Craftsman 5" Vibrafree Random Orbit Sander - Review
We've had an eye on the Craftsman Vibrafree Sander for a while. It's been out for a couple years and we've read a bunch of reviews of it and they all seem pretty positive. Way more positive than we would have guessed from our first skeptical glance at the tool. The whole thing just seems too good to be true: an orbital sander that doesn't vibrate? So we had some anticipation in the works when Craftsman offered to send one our way for testing.
If you don't know, the Vibrafree's special superpower comes from its sanding pad, or rather sanding pads. Craftsman has taken the standard design of a singular disc and replaced it with a circular inner disc and a separate outer ring. The two pads orbit in opposite directions and thus cancel one another out. It's a simple idea and a nice one, but no matter how much we read, we wanted to know for ourselves if it did indeed work, and if there were any big drawbacks to the system.
One thing we noticed immediately is that the Craftsman is heavier than the standard orbital. We suppose that this is from having to stuff two orbiting mechanisms in the tool. It's also slightly bulkier than most, but even with both of these characteristics, the size and the weight, it's easy to manage with one hand. It also has a nice long cord (10'), which we're always in favor of.
Now on to the whole 'no-vibration' thing.
We started it up and got going. And, well, yeah, it actually works. There's still the general movement and occasional stutter of an orbital sander, but that constant micro-shimmy, the one that wears your arm out and gives you pins and needles after about five minutes, is entirely absent. It's a strange feeling, using an orbital without that ever present jiggle. It's sort of like the first time we sat in a Hybrid and realized it was on, even though there was no motor noise: it's great, but there's something about it that's slightly unsettling. Using the Vibrafree on a few small projects, we discovered that the wear and tear on our arm was considerably less and we realized what a struggle on the wrist standard orbitals actually are.
A second interesting feature of this tool is the dust collection. Instead of a soft filter dust bag, the Craftsman comes with something they call a 'cyclonic dust box,' which seems to work fine, but gains awesome points because it's called a 'cyclonic dust box.' It even has this nice little flip-up door at the back end of it so you can empty the canister without having to take it off the tool. Unfortunately the connection point between the tool and the dust box is done with these two little clips that look like they're one workbench drop away from breaking off. If you're not into the whole cyclone thing, the Craftsman comes with an adapter for a vacuum.
The one real downside to the tool is the fact that it's a single speed. If you're not used to variable speed orbitals, it's probably no big deal, but we like having that kind of control over disc speed based on the situation and it's too bad it's not an option with this tool.
Another minor bone that we have to pick with this tool is the case that it comes in (we can actually hear some of you clicking away from the site). It's one of those cases where there is only one possible way for everything to fit in (which includes removing the dust canister from the tool), and there's really no room left for storage. in our experience, orbital cases end up being sandpaper clearing houses, and here, there's no way for that to happen.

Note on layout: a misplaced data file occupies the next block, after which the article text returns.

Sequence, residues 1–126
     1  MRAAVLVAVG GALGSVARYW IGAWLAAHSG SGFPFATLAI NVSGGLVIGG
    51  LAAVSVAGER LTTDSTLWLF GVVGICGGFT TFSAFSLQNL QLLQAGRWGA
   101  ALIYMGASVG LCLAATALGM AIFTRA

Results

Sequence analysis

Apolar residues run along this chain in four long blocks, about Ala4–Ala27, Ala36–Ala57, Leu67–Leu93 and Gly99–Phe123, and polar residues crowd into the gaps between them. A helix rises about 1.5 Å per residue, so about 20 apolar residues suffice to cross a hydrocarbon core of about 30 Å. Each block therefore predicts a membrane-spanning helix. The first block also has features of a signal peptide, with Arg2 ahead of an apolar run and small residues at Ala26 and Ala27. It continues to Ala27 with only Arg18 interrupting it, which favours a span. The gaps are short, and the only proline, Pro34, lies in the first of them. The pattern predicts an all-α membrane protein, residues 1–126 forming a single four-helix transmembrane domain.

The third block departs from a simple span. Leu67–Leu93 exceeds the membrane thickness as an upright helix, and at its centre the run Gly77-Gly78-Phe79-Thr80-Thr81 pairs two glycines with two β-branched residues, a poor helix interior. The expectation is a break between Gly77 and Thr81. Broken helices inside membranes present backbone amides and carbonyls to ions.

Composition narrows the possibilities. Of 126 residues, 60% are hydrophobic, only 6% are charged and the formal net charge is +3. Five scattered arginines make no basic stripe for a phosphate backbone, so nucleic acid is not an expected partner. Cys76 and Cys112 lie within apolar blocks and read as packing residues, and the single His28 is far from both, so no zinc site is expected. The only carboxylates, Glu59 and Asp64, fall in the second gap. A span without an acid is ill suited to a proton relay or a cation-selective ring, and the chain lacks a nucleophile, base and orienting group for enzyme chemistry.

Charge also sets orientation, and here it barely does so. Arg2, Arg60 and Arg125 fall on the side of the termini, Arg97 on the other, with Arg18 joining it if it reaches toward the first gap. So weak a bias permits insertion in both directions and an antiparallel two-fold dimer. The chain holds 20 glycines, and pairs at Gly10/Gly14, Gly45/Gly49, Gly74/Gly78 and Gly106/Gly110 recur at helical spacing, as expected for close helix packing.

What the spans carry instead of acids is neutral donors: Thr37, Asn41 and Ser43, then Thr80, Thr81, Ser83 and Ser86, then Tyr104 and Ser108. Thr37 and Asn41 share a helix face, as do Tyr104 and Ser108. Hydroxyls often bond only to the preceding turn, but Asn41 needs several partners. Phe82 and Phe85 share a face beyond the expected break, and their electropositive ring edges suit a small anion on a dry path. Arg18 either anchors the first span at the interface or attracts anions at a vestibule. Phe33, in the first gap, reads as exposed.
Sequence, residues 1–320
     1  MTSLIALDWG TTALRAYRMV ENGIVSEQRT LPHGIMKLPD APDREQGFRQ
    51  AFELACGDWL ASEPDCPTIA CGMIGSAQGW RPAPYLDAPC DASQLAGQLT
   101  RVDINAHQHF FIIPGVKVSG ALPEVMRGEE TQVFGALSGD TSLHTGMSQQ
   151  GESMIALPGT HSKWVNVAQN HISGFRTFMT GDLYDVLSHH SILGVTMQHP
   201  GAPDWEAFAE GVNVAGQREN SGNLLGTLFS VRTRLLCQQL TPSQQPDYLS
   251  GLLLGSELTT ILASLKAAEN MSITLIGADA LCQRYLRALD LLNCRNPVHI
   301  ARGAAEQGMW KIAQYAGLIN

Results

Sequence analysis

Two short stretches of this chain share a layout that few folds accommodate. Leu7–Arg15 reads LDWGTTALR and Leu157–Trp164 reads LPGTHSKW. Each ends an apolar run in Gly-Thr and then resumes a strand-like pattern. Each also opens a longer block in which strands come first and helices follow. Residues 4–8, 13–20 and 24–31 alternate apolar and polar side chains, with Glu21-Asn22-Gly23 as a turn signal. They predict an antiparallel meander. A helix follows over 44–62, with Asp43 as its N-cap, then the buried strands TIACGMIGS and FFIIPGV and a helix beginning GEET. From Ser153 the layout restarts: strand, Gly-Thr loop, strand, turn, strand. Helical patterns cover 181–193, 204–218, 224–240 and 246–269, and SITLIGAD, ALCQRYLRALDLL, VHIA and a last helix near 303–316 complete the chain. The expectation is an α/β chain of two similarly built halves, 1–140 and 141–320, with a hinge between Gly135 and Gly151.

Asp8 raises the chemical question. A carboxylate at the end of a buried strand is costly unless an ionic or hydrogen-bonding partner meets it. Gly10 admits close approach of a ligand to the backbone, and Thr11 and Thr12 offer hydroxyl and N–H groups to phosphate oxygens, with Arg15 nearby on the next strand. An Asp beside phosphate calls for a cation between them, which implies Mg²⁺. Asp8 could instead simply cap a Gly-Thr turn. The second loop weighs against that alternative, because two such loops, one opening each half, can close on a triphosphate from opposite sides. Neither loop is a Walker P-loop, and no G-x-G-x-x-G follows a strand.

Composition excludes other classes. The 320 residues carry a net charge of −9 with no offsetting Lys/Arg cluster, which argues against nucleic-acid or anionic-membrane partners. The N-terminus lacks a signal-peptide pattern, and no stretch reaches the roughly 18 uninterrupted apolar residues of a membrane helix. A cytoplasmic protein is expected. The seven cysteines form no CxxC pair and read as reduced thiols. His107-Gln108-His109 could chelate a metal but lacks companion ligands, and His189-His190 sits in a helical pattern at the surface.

Less vibration means more money because the Vibrafree sells for $100, which is a good $30+ higher than the average high-end name brand orbital. There's also the issue of discs. Because of the anti-vibration design, the sanding discs are unique and, thus, not easily available. They're on the Sears website (a 3 pack for $4), but items like this, you need to have available on the fly. It's likely that they're also at your local Sears. Also, it's worth noting that Rockwell has also released a Vibrafree sander that looks similar to the Craftsman. And when we say, 'similar,' what we really mean is, 'identical.' It's like someone photoshopped in some new colors and a new logo. The Rockwell even has the kickass "cyclonic dust box." The tools are so similar that there's got to be some sort of licensing agreement going on. But anyway, our point is that while the Craftsman may have limited availability with their discs, the Rockwell may be easier to find.
So our final say is that the orbital works great, even though we have some finicky little issues with it.
Read More in: All Reviews | Power Tools | Sanding
Share this Article with others:
Came straight to this page? Visit Tool Snob for all the latest news.
Posted by Doug Mahoney at March 18, 2010 5:00 AM
I bought one of these in 2012 (in part because of this well-written review). It's verrrrrrry nice, I'm kind of amazed that everybody doesn't know about this thing.
Yesterday I needed some coarse discs and called around everywhere, couldn't find them. I didn't want to mail order them and wait several days...
So I just bought some plain, solid 5" discs with hook-and-loop backing and cut them to fit with a utility knife. Worked perfectly.
The material does seem to dull the utility knife pretty quick, but then again everything these days seems to dull utility knife blades pretty quick.
Also, perhaps the case changed since your model. I had the same complaint about not having a space to store discs in the case. But yesterday I noticed that there's a sort of recess in the inside of the case lid that fits the manual and a pretty decent stack of discs.